Antarctic staff lose their cold comforts

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Science Correspondent

The long Antarctic nights will this year feel a little bit longer to 275 American and New Zealand staff based near the South Pole, following a budget decision made in Washington.

They will have to forgo fresh food and letters which would normally have been provided by a supply plane in mid-June. A budget cut by the US Air Force, which provided 75 per cent of the funding for delivering goods and people to the outposts, means the first supply of winter will not come until August - five months into the almost endless nights.

The team of 262 American and 13 New Zealand staff will have enough concentrated food and heating oil to last the wait, but the cancellation is expected to have psychological effects.

"While [the plane is] not critical to their survival, it provides a very important morale boost in the middle of the Antarctic night," said Dave Lippman, spokesman for the US Naval Antarctic Support Unit. The team always looks forward to supplies, which bring fresh food, letters, photographs, presents and videotapes to the extreme isolation of the tour.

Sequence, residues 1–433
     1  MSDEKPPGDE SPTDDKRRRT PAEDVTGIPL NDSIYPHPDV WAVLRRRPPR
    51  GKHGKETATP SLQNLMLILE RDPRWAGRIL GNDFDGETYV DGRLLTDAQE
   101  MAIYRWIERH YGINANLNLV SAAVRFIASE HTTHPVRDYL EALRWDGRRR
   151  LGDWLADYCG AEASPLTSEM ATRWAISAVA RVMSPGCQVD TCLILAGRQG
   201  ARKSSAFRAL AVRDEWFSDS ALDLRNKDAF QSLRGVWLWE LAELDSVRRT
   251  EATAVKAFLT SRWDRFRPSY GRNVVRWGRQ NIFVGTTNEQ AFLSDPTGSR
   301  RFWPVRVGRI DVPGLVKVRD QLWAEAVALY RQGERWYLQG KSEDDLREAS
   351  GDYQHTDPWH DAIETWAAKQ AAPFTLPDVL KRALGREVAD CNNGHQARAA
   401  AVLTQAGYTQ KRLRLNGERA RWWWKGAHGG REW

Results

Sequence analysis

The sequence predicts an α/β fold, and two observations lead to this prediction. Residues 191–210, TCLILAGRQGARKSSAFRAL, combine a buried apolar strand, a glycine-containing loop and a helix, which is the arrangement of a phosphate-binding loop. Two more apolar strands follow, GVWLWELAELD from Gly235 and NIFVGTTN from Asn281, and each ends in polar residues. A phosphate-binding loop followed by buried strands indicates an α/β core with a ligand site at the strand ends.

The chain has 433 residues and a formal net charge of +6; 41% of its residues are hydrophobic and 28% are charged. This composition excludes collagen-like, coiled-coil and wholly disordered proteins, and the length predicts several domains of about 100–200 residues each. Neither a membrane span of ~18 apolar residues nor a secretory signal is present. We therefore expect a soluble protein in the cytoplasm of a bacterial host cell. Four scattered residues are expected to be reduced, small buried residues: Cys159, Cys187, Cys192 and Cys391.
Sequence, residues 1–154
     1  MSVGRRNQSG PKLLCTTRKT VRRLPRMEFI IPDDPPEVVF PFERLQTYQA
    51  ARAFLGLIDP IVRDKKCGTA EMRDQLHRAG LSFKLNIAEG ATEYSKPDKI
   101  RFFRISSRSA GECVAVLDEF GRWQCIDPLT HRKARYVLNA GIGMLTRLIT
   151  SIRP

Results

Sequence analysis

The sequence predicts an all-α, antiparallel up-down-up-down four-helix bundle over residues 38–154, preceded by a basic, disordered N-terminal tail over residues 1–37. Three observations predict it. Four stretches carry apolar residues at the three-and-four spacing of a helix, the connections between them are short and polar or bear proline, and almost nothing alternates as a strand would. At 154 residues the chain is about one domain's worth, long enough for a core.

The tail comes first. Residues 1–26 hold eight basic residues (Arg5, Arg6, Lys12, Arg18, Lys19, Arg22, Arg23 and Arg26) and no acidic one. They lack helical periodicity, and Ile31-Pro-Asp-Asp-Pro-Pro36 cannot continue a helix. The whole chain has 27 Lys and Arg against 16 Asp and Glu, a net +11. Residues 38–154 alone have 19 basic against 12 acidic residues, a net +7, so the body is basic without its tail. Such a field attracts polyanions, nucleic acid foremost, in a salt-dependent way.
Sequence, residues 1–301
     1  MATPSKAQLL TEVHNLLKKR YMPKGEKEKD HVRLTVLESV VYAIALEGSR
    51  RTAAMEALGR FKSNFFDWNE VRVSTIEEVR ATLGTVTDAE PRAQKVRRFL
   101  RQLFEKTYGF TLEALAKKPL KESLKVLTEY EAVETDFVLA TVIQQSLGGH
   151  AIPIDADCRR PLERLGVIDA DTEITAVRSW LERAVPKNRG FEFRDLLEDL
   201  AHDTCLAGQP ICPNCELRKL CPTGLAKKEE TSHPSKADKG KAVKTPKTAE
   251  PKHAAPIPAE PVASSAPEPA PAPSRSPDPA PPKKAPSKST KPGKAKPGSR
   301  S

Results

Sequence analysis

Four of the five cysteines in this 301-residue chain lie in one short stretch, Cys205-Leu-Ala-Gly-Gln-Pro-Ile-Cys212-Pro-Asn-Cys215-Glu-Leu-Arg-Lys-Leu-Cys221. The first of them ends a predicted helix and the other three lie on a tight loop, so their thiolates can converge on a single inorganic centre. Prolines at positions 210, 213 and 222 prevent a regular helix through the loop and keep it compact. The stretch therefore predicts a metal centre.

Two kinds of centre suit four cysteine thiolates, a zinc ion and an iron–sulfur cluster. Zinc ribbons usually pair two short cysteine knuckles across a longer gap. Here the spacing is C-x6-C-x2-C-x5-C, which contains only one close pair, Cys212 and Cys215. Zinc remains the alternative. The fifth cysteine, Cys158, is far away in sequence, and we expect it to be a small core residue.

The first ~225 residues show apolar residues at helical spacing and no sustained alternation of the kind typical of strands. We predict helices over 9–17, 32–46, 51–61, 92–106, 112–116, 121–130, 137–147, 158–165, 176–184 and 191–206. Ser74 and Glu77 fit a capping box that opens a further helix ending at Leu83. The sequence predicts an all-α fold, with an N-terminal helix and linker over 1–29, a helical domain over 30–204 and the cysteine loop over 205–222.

The flight takes off from Christchurch, New Zealand, and drops loads at the US stations at the South Pole and McMurdo, and the New Zealand Scott base near McMurdo.

Instead the scientists, who have made key observations in relating to the ozone layer and have continuing studies on the biology, atmosphere and history of the Antarctic "desert", will rely on telephones, faxes and the Internet to keep in touch.

The New Zealand Antarctic survey put the cost of flight support at around $1m (pounds 520,000) in 1994-95, making up 20 per cent of its budget. But the US air force put up three-quarters of the cost, spending which has now been cut back.